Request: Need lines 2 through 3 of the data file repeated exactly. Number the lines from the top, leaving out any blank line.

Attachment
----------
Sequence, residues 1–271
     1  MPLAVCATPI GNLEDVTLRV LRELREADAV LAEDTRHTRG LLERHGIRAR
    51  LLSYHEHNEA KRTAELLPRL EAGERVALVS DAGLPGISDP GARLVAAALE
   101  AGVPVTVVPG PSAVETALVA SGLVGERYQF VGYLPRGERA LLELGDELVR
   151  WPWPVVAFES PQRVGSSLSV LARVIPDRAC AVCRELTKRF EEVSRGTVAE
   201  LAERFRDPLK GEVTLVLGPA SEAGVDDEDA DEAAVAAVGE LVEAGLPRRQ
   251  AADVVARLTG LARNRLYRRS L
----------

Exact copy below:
     1  MPLAVCATPI GNLEDVTLRV LRELREADAV LAEDTRHTRG LLERHGIRAR
    51  LLSYHEHNEA KRTAELLPRL EAGERVALVS DAGLPGISDP GARLVAAALE